Asking someone to do something politely surely is fair enough.  My ex criticised my driving in public, called me an alcoholic in public, called me her indoors or the boss, in public.  I don't remember nagging him or the kids in public, although I am sure I asked or even told them not to do things....like run out in the road, or to put sweets back. At what point does it become nagging....I suppose....prefacing with I've told you a 100 times....I probably had!

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ryn2

What’s acceptable, then, @Apostle?  Just waiting for the partner (or child) to notice the chores need doing or the toys need picking up and hoping someday the partner/child will feel inspired to take care of what needs doing without being asked?

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Apostle
On 9/3/2018 at 1:54 PM, ryn2 said:

 

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ryn2

I can’t really speak to the effective parenting question as I have no kids.

 

For adults, though, getting divorced seems like an extreme solution to the issue of a partner who won’t share the chores without being asked repeatedly.

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Serran

I think there are different levels of nagging. My partner nags me and I do them at times. But, its friendly reminders of things we both know we should be doing but need a push to actually do. Whereas if you nag to the point your partner is getting annoyed, its going to be negative to the relationship. 

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Telecaster68
7 minutes ago, Serran said:

Whereas if you nag to the point your partner is getting annoyed, its going to be negative to the relationship. 

And the flipside of that is if you don't do your agreed chores to the point your partner is getting annoyed, it's going to be detrimental to the relationship.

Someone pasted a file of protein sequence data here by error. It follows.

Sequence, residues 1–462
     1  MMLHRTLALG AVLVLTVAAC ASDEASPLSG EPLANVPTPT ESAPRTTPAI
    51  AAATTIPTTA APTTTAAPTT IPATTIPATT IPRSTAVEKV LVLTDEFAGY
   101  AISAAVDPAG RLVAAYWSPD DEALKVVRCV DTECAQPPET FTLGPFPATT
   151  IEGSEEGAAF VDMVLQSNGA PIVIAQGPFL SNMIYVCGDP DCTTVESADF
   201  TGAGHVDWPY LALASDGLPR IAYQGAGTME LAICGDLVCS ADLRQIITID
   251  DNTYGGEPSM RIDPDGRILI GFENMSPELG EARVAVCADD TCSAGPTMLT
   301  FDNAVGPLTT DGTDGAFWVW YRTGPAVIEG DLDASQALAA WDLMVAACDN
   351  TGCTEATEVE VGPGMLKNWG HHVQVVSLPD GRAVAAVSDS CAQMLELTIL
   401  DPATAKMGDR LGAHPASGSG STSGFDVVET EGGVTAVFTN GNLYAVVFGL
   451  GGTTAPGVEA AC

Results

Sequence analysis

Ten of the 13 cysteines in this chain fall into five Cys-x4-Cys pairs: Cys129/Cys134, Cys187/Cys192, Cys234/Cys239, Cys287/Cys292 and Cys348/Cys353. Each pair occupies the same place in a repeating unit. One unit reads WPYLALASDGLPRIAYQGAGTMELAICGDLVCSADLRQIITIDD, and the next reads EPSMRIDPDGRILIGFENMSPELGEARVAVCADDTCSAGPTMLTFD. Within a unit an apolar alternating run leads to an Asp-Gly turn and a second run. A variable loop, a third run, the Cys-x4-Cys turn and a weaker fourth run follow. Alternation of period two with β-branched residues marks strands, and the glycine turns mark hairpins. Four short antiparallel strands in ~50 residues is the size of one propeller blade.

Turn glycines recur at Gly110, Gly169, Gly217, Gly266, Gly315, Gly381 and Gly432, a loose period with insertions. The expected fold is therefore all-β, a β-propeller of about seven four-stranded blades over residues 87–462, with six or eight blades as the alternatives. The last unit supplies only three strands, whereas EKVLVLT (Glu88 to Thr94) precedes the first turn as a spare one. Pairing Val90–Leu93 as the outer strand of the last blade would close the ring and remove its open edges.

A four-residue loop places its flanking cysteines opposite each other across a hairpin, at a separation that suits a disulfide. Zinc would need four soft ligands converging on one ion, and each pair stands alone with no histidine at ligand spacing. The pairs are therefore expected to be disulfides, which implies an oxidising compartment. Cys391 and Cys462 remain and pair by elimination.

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ryn2

Yeah, the frustrating thing for me is that it could all be avoided by either 1) doing one’s agreed chores proactively without waiting to be nagged or 2) apologizing for not having them done, setting new expectations (“I was just too tired this morning but I’ll do them tonight”), and then delivering on those expectations.

 

Everyone is different but I don’t know many naggers who are pleased when the opportunity to nag arises.

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uhtred
2 hours ago, ryn2 said:

Yeah, the frustrating thing for me is that it could all be avoided by either 1) doing one’s agreed chores proactively without waiting to be nagged or 2) apologizing for not having them done, setting new expectations (“I was just too tired this morning but I’ll do them tonight”), and then delivering on those expectations.

 

Everyone is different but I don’t know many naggers who are pleased when the opportunity to nag arises.

Sometimes it comes to agreeing on expectations - do both people have the same priorities? 

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Sweet Potato
7 hours ago, ryn2 said:

 

For adults, though, getting divorced seems like an extreme solution to the issue of a partner who won’t share the chores without being asked repeatedly.

not really.

option A: stay with a person who does not do their fair share of the work without being told, which puts the emotional baggage of running the household on you. leading to stress and anger.

option B: having exhausted all attempts to entice your partner to do their chores proactively you decide to free yourself of parenting an adult and get out of the unbalanced relationship. yes you are now responsible for all the household chores without help but really, its better than having to beg for the help Every Single Time.